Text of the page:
An intense dissection of Sum 41’s In Too Deep video

We almost said ‘deep dive into’, but… yeah.

An intense dissection of Sum 41’s In Too Deep video
Mike Rampton

We talk a lot on this website about taking deep dives into things, but never has it felt so apt as with Sum 41’s In Too Deep video, a slightly problematic, geometrically questionable, incredibly enjoyable sun-baked swim-aganza and one of the only music videos ever to be based around a high-diving contest. A niche concept.

It’s so sunny, and so Californian, and in times of perpetual wintery darkness it’s like a pop-punk SAD lamp.

Grab your trunks, slap some Factor 50 on and let’s get to it!

As the fellas themselves roll up to a swimming pool, we hear a bit of Fat Lip, their previous single and another video we should probably do a deep dive into one day (did that girl’s hair ever grow back?).

It didn’t seem likely, but we checked anyway and you can’t buy these dressing gowns anywhere. That seems like a massive shame.

This diving centre is the now-demolished Industry Hills Aquatic Center in LA.

This empty pool, however, is in Cadillac Jack’s Motel, also in LA. Their website is currently broken, which is extraordinarily annoying, but the LA Conservancy site has some info on it. It’s really nice. If Cadillac Jack is reading this, please get in touch.

A lot of this video is a homage to the Rodney Dangerfield film Back To School, in which a major plot thread concerns the college diving career of Rodney’s character’s son. The diving scenes in that film were shot in this very same pool. Back To School has not entirely stood the test of time, but features cameos from both Kurt Vonnegut and Oingo Boingo, plus if you’re a massive nerd, has appearances from two future Star Trek stars: Deep Space Nine’s Terry Farrell and Voyager’s Robert Picardo.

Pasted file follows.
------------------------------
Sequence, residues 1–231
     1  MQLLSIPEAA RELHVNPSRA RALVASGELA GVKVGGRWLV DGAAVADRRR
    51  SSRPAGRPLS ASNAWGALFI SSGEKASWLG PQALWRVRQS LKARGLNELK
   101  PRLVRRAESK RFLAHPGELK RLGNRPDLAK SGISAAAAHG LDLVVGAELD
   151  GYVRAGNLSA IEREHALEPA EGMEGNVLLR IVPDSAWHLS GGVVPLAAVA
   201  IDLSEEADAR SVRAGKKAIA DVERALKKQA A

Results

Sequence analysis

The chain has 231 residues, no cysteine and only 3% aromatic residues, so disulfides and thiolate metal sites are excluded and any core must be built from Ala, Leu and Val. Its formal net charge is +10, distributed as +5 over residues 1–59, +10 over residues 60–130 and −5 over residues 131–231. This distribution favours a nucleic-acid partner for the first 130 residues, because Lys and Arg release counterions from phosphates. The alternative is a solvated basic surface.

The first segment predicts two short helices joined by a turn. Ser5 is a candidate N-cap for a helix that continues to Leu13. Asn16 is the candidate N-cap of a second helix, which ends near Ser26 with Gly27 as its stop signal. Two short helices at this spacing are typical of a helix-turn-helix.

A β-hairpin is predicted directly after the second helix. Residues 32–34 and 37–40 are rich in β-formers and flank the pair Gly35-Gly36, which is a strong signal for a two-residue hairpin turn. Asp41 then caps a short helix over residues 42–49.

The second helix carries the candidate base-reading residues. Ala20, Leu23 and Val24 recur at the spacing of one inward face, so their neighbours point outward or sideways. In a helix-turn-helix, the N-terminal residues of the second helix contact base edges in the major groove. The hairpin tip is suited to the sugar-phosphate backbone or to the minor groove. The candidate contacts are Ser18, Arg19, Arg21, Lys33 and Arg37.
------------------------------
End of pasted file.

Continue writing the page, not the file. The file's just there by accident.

The two dudes choking each other: ledges. The crowd is made up of real fans, something Sum 41 have tried to incorporate into all of their videos.

Pop-punk has always been a polarising genre, but it’s done a lot for pasty fellas. If you look closely you can see that the whole band have tattoos in the same place on the back of their right arms - you can’t really make it out on YouTube but it’s the number 41, which they and their manager all went and got together.

Note the 'All Killer, No Filler' banner in the crowd behind the jocks.

As unlikely as it may sound, this part of the song was once intended to be performed by Canadian novelty rapper Snow, best known for the 1992 hit Informer. He recorded it with Sum 41’s producer, manager and mentor Greig Nori, the frontman of Canadian indie/punk band Treble Charger. Just to bring some more Canadian legends into the mix, Fucked Up’s Ben Cook (also a friend of Sum 41, and the co-writer of We’re All To Blame from Chuck) described the original version, which he has heard, on the extraordinarily in-depth blink-182 fan podcast Blink-155.